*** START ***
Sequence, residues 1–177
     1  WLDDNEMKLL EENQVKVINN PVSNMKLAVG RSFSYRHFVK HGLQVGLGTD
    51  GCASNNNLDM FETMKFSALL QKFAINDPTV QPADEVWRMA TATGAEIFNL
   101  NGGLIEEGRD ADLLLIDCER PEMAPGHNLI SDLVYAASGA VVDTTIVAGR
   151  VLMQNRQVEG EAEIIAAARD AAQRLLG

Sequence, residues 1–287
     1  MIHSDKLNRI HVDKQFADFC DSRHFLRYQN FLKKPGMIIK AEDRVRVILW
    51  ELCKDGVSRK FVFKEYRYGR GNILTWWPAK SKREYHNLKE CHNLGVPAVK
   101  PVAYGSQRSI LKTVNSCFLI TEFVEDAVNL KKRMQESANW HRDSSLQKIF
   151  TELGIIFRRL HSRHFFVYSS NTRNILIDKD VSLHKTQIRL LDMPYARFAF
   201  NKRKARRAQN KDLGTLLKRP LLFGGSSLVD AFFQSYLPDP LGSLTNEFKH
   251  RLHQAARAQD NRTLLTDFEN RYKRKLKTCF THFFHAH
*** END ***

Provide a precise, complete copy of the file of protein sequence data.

Sequence, residues 1–177
     1  WLDDNEMKLL EENQVKVINN PVSNMKLAVG RSFSYRHFVK HGLQVGLGTD
    51  GCASNNNLDM FETMKFSALL QKFAINDPTV QPADEVWRMA TATGAEIFNL
   101  NGGLIEEGRD ADLLLIDCER PEMAPGHNLI SDLVYAASGA VVDTTIVAGR
   151  VLMQNRQVEG EAEIIAAARD AAQRLLG

Sequence, residues 1–287
     1  MIHSDKLNRI HVDKQFADFC DSRHFLRYQN FLKKPGMIIK AEDRVRVILW
    51  ELCKDGVSRK FVFKEYRYGR GNILTWWPAK SKREYHNLKE CHNLGVPAVK
   101  PVAYGSQRSI LKTVNSCFLI TEFVEDAVNL KKRMQESANW HRDSSLQKIF
   151  TELGIIFRRL HSRHFFVYSS NTRNILIDKD VSLHKTQIRL LDMPYARFAF
   201  NKRKARRAQN KDLGTLLKRP LLFGGSSLVD AFFQSYLPDP LGSLTNEFKH
   251  RLHQAARAQD NRTLLTDFEN RYKRKLKTCF THFFHAH